As the beginning of the 2000s was characterized by turmoil in multiple spheres of society’s life, alternative rock music came to play a large role in mirroring negative feelings. A unique thing that Linkin Park managed to achieve through their music is connecting to their listeners without setting any boundaries or rules. The Hybrid Theory album represents the meshing of cultures, styles, and approaches to music that has never been as successful.
While there is strong underlining of despair and fear for the future when it comes to actual song lyrics, there is a sense of unity associated with the album in general because every person can relate to it to one degree or another. When one is listening to the hit songs that Linkin Park released in the early 2000s, there is no sense of differentiation by race, gender, or class – everyone is equal. Thus, the main influence of Linkin Park on the new alternative wave of music was the band’s ability to look beyond labels and experiment with things that seem unmixable.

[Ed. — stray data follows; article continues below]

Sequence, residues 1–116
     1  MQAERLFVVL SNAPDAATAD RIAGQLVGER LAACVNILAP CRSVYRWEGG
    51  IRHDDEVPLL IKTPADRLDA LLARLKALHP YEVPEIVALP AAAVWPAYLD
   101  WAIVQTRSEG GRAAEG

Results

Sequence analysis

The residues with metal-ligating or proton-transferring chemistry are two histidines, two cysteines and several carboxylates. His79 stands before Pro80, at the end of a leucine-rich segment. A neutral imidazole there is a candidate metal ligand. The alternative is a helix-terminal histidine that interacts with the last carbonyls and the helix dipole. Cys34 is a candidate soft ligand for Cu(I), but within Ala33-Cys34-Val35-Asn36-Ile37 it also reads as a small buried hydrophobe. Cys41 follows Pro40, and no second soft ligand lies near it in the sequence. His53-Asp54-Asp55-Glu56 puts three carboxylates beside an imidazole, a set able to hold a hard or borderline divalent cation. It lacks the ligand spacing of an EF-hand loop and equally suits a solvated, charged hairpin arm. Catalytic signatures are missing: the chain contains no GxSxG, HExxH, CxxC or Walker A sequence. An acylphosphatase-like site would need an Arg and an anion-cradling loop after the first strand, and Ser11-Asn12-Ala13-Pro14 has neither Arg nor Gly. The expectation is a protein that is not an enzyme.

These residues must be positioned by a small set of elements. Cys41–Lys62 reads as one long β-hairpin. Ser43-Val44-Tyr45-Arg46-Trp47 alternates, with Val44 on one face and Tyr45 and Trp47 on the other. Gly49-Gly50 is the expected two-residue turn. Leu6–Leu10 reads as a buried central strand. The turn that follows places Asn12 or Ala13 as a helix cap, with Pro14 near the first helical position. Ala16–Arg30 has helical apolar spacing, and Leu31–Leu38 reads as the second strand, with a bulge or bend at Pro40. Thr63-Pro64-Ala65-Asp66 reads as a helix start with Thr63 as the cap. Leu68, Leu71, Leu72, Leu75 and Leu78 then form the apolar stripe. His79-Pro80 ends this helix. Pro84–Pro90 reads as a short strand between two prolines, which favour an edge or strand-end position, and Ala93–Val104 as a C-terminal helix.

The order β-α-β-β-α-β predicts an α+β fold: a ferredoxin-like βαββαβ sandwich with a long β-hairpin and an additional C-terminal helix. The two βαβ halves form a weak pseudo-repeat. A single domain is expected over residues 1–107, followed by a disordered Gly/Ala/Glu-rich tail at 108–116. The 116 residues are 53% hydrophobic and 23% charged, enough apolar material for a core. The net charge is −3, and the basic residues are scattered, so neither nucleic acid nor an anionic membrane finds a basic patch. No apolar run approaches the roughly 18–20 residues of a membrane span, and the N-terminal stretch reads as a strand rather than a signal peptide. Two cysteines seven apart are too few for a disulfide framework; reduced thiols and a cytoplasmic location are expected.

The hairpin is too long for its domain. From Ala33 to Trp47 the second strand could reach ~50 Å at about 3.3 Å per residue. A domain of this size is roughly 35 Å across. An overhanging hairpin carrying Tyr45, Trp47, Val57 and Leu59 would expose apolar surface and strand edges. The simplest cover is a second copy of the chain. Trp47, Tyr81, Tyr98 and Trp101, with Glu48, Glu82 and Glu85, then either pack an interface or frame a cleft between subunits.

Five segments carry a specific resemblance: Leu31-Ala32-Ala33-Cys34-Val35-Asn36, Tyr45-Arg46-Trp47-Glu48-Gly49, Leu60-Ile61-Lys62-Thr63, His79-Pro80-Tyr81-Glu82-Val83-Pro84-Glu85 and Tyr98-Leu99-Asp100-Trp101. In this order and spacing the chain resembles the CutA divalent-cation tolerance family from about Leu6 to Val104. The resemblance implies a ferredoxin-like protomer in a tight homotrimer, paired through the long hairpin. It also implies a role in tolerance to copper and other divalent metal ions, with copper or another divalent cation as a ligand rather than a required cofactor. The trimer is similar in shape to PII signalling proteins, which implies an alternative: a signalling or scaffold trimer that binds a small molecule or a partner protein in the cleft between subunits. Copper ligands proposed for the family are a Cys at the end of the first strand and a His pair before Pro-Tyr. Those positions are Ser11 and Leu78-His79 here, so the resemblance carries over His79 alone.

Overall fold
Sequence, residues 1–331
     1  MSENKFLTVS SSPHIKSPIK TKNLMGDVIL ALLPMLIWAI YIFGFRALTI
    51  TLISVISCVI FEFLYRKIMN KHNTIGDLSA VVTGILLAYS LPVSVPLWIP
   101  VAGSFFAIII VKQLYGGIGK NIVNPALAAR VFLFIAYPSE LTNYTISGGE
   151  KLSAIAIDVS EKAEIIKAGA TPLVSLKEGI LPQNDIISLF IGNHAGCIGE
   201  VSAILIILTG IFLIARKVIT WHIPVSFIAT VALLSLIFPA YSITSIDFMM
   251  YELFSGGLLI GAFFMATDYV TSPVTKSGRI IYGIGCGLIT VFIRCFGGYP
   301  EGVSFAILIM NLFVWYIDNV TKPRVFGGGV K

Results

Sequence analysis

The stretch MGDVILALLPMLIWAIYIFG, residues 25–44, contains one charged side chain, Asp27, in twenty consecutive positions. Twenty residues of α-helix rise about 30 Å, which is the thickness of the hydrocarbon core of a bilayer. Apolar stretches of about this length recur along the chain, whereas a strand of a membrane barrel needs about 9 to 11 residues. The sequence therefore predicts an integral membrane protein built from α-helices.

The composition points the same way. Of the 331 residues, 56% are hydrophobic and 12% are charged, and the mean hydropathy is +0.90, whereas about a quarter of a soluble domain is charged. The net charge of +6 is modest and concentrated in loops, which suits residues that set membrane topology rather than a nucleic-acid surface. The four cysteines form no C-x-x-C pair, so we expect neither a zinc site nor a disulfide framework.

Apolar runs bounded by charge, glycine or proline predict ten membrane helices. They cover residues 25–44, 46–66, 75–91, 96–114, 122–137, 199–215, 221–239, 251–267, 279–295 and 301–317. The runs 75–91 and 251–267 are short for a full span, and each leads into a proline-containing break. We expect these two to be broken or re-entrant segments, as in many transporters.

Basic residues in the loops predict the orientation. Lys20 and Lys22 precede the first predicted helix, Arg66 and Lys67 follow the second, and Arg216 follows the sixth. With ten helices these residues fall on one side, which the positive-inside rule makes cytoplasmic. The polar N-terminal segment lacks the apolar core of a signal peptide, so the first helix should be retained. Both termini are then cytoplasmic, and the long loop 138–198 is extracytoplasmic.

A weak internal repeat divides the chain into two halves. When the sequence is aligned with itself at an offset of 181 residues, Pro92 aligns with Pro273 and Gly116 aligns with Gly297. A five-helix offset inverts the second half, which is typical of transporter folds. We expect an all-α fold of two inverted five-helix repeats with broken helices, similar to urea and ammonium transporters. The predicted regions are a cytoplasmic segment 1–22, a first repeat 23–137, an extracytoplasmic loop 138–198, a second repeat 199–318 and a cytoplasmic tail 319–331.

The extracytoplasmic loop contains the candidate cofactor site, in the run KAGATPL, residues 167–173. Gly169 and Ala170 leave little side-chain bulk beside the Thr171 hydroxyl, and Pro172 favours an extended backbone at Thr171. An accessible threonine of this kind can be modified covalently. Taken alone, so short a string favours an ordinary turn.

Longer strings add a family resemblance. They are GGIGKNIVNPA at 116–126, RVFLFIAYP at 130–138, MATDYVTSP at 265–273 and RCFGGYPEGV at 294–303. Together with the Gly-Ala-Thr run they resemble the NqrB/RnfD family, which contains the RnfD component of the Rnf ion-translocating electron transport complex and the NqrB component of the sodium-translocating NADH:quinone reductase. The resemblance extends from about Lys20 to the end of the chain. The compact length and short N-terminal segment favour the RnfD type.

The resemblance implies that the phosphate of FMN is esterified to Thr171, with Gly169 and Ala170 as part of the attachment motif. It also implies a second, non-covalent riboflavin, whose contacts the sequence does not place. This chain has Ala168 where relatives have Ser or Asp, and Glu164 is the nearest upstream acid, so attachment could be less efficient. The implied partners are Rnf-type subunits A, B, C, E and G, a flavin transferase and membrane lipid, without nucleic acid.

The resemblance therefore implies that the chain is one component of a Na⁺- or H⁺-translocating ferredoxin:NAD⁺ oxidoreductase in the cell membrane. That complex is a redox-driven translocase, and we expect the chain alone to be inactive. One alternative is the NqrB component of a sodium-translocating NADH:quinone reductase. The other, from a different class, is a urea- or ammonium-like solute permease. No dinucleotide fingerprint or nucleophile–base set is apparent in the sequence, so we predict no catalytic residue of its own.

Beaumont-Thomas, Ben. “Linkin Park Singer Chester Bennington Soothed the Angst of Millions.” The Guardian. 2017. Web.
Burnett, Bob. “2000-2009: America’s Lost Decade.” Huffington Post. 2010. Web.
Hahn, Joseph, et al. “Crawling.” Azlyrics, 2000. Web.
—“In the End.” Azlyrics, 2000. Web.
—“One Step Closer.” Azlyrics, 2000. Web.
Hunter, James. “Alternative Rock.” Britannica, 2018. Web.
Kettle, Martin. “The Most Unfair US Election Ever.” The Guardian. 2000. Web.
Le Miere, Jason. “How Chester Bennington and Linkin Park’s ‘Hybrid Theory’ Changed the Face of Rock Music.” News Week. 2017. Web.